9. And on defense, perhaps no player needs to make a bigger jump than last year’s first round pick, Leonard Floyd, who showed some very promising glimpses as a rookie.
“Obviously he’s naturally going to continue to get stronger and more durable,” Pace said. “I think that will come with added strength. I think he’s going to continue to refine his pass-rush technique. Right now that first year is just kinda raw speed and raw talent. I think as he gets better with his pass rush moves, using his hands and developing counters, I think the sky’s the limit, because he’s got everything you need physically and he’s got the work ethic to learn all that. So I think dialing in some of his pass-rush traits are going to help a lot.”
The Bears have not been shy about tempering expectations for Floyd. If he takes the jump they expect in Year 2, it would be a tremendous boost for a defense that has improved the last two seasons, but still struggles to make game-swinging type plays.
10. Finally, Pace addressed some of the changes the Bears have made in-house to address all the injuries that plagued 2016. He refused to go into too many specifics, but it was a big priority this offseason.
“We’ve met multiple times with a lot of people,” Pace said. “Those are good discussions when everybody kinda lets down their guard down and we just kinda put everything on the table. I value when people do that. We have made some tweaks and some adjustments, without going into specifics, but it could be some scheduling things, some training camp things, things we’re doing in the weight room, things we’re doing in the training room, just dialing things to adapt. And not just putting our heads in the sand and saying, ‘bad luck.’ We made some adjustments and tweaks that we’re all supportive of and we all had input on. We’re excited about the outcome of that.”
One difference is that the Bears will not practice against another NFL team this preseason. Scheduling may have played a role in that decision too, but head coach John Fox mentioned it when discussing some of the changes the team will make in 2017.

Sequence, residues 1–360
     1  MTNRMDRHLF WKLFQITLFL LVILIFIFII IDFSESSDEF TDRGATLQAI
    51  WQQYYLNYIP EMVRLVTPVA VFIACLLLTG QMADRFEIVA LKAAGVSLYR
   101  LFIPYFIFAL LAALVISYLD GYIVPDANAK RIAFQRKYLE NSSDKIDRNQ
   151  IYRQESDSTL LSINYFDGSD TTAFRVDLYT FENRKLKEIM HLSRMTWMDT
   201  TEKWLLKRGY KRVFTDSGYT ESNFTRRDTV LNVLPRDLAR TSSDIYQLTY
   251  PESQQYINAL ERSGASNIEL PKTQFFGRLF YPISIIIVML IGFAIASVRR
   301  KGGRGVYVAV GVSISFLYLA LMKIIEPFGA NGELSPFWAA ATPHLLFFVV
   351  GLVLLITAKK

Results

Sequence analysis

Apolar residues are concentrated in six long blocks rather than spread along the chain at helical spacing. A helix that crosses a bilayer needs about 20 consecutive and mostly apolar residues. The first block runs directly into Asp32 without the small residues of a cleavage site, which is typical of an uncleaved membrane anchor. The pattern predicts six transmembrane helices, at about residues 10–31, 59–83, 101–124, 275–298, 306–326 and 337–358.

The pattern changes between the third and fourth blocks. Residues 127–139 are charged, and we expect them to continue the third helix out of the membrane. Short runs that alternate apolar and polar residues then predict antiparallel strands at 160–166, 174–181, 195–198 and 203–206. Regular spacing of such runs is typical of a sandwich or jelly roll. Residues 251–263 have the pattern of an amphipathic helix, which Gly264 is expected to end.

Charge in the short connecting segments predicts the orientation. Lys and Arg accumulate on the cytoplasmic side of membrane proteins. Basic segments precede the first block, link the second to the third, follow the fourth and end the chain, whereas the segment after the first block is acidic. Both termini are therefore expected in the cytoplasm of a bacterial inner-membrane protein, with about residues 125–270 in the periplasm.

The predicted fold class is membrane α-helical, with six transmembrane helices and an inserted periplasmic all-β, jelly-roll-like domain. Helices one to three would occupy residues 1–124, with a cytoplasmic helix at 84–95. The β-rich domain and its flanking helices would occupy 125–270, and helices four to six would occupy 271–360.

Pace also mentioned some tracking actual data on work loads during the season and continuing to evolve as the team learns more.
“We wear these catapult tracking devices now. A couple years into that we’re able to implement that knowledge a little bit more to our coaches,” Pace said. “Year 1 you give a coach a five-page report on catapult data. You can streamline it down to a one-pager of what we’re looking at.”
The key is the coaching staff taking that data and actually making sound decisions with it.
“Knowing when to back on or off certain players, finding their optimal training load. Some guys are different. Some guys can go all day. Some guys we gotta be a little more mindful of. Even in training camp, it’s understanding when we have a high-intensity day, we’re going to back off this day. And that’s a long-term plan,” Pace said. “Because the goal is to peak Week 1, you know? Not peak in the middle of training camp. So you’re building the team to be at their absolute highest state week 1, and that’s our goal.”
Pace continues to express confidence in his training staff and no changes have been made with key staff members like head strength and conditioning coach Jason George, head athletic trainer Nate Breske or sports science coordinator Jen Gibson.